• Helps minimize bias in judgments by focusing on
testable ideas about observable aspects of nature
A Guide to Critical Thinking
1.6 How Science Works
 Scientists make and test potentially falsifiable
predictions about how the natural world works
Observations, Hypotheses, and Tests
 Researchers make observations, form
hypotheses (testable assumptions), and make
predictions about what might occur if the
hypothesis is correct
A Scientific Approach
Research in Laboratory and Field
About the Word “Theory”
 A hypothesis that is inconsistent with results of
scientific tests (evidence) is modified or
discarded
 A scientific theory is a long-standing
hypothesis that is used to make useful
predictions
Examples of Scientific Theories
Some Terms Used in Experiments
 Experiments
• Tests that can support or falsify a prediction
 Variable
• A single characteristic in a set of individuals that
differs from the control group in an experiment
Some Terms Used in Experiments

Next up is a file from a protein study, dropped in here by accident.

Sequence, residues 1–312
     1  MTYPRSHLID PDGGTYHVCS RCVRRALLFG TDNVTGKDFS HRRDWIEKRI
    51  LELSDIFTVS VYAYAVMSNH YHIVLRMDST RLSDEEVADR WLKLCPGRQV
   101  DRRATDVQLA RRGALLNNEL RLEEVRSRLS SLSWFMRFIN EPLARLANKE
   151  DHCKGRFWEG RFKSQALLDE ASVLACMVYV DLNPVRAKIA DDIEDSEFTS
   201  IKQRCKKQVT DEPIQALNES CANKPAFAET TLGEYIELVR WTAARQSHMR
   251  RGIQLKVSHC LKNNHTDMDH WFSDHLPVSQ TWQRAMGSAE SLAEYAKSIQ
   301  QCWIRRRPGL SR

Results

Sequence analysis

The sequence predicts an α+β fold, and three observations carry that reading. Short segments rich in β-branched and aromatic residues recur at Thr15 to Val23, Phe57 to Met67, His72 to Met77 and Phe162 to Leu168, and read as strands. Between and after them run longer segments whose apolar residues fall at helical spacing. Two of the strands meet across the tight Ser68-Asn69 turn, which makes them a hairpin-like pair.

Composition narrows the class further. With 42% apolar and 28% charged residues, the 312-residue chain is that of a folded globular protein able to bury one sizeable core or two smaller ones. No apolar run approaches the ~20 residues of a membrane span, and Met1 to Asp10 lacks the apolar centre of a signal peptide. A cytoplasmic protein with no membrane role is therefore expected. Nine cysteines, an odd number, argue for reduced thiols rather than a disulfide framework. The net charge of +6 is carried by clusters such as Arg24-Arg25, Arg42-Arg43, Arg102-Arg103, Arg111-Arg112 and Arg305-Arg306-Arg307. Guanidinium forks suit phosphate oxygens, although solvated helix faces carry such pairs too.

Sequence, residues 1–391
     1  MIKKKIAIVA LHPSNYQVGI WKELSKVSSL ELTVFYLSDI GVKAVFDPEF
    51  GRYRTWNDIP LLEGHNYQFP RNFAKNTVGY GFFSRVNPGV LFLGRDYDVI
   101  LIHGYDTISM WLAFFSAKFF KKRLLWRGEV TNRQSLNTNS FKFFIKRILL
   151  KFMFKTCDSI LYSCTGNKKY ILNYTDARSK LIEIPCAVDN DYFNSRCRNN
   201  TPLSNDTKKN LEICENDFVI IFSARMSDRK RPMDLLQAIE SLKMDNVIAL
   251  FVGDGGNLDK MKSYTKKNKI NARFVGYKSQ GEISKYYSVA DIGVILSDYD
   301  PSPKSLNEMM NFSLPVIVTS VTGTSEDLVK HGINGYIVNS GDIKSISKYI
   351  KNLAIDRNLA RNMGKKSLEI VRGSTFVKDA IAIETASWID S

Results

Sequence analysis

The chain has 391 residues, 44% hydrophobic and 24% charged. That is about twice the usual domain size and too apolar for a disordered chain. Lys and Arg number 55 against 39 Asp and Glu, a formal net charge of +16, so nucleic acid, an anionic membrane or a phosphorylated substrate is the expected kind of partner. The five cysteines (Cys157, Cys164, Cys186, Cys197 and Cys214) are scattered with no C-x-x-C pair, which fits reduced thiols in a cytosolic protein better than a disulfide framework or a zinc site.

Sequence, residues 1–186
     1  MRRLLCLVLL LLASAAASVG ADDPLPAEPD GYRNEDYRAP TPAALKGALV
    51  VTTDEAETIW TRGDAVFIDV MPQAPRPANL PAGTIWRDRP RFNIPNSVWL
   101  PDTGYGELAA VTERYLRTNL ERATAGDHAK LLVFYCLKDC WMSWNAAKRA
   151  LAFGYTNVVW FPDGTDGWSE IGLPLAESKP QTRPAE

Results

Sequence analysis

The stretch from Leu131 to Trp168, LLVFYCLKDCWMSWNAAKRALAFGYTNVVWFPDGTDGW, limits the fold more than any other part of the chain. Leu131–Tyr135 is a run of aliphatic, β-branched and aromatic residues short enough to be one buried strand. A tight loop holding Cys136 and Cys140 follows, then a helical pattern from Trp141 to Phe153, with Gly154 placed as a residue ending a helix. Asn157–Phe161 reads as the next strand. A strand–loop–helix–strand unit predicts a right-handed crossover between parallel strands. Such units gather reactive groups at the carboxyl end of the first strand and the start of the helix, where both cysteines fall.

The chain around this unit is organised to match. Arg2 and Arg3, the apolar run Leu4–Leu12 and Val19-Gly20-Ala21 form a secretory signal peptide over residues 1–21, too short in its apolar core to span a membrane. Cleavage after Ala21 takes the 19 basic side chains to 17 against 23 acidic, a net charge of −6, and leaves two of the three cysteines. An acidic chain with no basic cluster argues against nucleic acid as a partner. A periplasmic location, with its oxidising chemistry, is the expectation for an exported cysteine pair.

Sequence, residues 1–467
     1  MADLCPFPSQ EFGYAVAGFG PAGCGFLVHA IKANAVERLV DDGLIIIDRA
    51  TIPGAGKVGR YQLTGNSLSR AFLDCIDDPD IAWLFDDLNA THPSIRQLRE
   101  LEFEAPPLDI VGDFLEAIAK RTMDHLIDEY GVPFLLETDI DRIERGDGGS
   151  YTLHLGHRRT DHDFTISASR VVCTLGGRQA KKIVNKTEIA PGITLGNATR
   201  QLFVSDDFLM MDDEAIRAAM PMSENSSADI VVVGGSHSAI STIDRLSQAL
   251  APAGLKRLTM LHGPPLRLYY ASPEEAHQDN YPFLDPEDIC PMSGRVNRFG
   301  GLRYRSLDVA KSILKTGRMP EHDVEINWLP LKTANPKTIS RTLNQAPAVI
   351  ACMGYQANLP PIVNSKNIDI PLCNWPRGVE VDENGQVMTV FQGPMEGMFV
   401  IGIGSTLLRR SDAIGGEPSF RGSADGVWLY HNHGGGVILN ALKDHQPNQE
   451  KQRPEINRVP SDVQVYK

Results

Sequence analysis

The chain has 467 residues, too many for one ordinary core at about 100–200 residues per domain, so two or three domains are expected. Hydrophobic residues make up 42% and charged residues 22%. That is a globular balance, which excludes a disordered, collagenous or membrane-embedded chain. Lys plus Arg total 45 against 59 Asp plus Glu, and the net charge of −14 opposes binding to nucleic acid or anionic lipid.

 Experimental group
• Group with a single variable characteristic to be
tested against a control group in an experiment
 Control group
• Group identical to the control group, except for
the variable
1.7 The Power of Experimental Tests
 Researchers unravel cause and effect in
complex natural processes by studying the
effects of one variable at a time
Potato Chips and Stomach Aches
 Researchers tested the prediction that Olestra®
in potato chips causes cramps
• Experimental group: Olestra chips
• Control group: regular chips
Experiment:
Olestra and Stomach Cramps
Hypothesis
Olestra® causes intestinal cramps.
Prediction
People who eat potato chips made with Olestra will be more
likely to get intestinal cramps than those who eat potato